It is our first and most delightful job to be parents to our children with special needs. Every person in a family has a unique perspective on the rest, and children often have no idea why we concentrate so hard on skills that seem the most difficult for them to accomplish.
It is not just during adolescence that, from mom, all advice is criticism. Children who are regular participants in early intervention, therapies, special education plans or other programs need to hear that we admire and respect them. They may benefit more from affirmations from us than therapy from world renowned experts.
It's ok to acknowledge their efforts and let them know that you understand that whatever work they are doing is hard, and that they are doing a good job at it, no matter what the expected level of progress or success might be. Tell them that they can say "No!" or "Enough!" and that you want them to communicate that to anyone who is working with them. Let them know that we all enjoy and deserve an easy day or a couple of hours off, and that many people in the family feel cranky when they have been pushed too far.
Sometimes we get so caught up in educating medical and education professionals, our neighbors, parks departments, and extended family about our children's diagnosis, we forget to also emphasize their individual talents, abilities, interests and personal goals. It's not easy to remember that we need to be advocates for our children's full expression of human emotions and attitudes, and that includes supporting however a child lets a professional or family member know that they have had enough of the job of therapy or intervention.
Scheduling in time to goof off, have fun, and even be bored can help us learn more about our children's preferences and priorities, and put us back in touch with our own. When my son started protesting every therapy appointment working on the big therapy ball, I asked his physical therapist if there was any alternative to it. "Oh, yes," she said. "Therapeutic horseback riding." He loved the alternative, and so did his sister.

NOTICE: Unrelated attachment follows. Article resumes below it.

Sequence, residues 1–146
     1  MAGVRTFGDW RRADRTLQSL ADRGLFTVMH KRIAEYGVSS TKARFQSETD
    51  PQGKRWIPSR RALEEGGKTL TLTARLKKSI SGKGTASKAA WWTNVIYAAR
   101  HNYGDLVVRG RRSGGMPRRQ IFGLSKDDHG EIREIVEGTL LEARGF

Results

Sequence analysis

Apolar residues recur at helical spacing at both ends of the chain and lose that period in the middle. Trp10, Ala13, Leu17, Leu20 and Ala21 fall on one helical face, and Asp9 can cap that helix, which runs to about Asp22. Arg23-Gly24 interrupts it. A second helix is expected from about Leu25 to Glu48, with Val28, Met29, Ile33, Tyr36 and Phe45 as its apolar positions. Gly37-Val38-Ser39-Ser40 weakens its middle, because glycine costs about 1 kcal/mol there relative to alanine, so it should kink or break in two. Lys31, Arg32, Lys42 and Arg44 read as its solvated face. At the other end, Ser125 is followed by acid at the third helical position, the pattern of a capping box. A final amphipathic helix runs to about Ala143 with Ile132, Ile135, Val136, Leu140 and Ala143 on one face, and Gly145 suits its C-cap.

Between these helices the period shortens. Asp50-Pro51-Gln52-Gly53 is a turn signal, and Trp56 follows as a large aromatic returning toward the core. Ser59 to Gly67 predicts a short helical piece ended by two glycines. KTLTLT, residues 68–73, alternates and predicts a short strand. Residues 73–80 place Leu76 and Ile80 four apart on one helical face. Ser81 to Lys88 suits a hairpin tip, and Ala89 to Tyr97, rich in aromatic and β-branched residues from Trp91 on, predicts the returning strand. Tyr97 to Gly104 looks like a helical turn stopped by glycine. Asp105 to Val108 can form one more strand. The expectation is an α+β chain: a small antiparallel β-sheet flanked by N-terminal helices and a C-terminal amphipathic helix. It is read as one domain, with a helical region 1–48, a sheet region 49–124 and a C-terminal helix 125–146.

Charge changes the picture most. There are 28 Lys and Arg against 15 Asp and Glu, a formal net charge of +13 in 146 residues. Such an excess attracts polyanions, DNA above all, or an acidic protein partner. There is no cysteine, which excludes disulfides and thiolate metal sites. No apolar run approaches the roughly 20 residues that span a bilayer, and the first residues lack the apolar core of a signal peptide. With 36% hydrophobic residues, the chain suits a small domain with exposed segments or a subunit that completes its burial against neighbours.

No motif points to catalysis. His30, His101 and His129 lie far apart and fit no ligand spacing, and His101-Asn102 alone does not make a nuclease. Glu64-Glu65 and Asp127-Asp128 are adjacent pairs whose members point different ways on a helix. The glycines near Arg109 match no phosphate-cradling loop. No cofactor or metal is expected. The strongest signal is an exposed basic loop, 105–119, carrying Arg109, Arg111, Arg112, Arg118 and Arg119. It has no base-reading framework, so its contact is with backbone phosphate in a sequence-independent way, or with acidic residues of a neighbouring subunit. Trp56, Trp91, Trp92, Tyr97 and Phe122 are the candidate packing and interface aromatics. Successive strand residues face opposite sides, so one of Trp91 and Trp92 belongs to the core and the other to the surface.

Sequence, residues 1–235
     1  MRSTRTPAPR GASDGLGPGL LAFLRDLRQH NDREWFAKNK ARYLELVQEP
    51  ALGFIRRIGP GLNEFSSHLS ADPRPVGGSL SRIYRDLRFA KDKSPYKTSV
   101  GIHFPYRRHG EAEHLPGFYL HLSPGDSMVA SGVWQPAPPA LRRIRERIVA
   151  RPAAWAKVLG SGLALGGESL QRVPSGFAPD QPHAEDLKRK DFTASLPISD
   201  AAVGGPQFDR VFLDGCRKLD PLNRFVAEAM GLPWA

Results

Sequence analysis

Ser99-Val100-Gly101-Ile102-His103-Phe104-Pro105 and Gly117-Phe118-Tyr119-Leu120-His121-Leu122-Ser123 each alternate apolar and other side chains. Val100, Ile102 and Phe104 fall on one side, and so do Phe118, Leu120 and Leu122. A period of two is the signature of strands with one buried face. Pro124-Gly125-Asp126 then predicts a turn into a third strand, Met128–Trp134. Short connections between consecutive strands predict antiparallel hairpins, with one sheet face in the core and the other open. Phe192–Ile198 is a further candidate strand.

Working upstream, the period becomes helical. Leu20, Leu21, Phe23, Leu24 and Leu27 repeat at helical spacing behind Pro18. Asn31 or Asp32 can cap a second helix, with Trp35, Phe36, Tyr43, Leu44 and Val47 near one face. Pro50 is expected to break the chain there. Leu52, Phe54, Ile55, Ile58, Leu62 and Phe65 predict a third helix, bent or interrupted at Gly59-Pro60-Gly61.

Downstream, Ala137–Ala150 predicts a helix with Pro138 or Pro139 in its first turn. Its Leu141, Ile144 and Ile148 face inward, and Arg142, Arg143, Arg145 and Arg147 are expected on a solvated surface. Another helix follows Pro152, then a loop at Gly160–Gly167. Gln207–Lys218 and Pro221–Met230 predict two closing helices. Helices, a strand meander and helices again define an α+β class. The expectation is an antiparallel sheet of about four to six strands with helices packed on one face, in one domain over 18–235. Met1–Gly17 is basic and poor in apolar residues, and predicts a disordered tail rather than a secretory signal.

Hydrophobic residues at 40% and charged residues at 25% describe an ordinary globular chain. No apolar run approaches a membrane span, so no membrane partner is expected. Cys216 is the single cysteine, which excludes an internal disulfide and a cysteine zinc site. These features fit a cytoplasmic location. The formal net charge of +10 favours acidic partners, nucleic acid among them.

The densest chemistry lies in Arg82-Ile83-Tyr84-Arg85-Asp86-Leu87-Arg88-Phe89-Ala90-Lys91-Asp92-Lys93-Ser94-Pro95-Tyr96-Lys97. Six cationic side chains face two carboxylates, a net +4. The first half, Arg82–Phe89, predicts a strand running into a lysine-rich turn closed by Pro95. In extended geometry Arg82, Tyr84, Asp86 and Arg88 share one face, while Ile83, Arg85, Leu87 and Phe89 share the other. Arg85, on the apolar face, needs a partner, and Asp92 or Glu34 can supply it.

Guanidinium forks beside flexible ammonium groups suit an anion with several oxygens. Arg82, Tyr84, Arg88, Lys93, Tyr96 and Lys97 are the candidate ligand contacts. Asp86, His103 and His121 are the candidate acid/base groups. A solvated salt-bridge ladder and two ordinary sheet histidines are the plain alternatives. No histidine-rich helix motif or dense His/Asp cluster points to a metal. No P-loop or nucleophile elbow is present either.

Advocating for children with special needs should always start with the child at the center, with family taking the lead. Sometimes there is an alternative when a child resists therapy or other interventions that accomplishes more than what is first offered. Most parents I know have stories similar to our own - it is not that easy to juggle so many different issues building support, encouragement and opportunities into a child's young life.
When there is resistance or disinterest from schools or other programs in providing your child with services, find organizations that have developed advocacy strategies that work in difficult situations. Some offer parent support training and topics on child centered planning that make a world of difference to our little ones as they grow.
Browse at your public library, local bookstore, or online retailer for books like: No Pity : People with Disabilities Forging a New Civil Rights Movement and The New Disability History: American Perspectives (History of Disability).
No Pity (Drew Morton Goldsmith)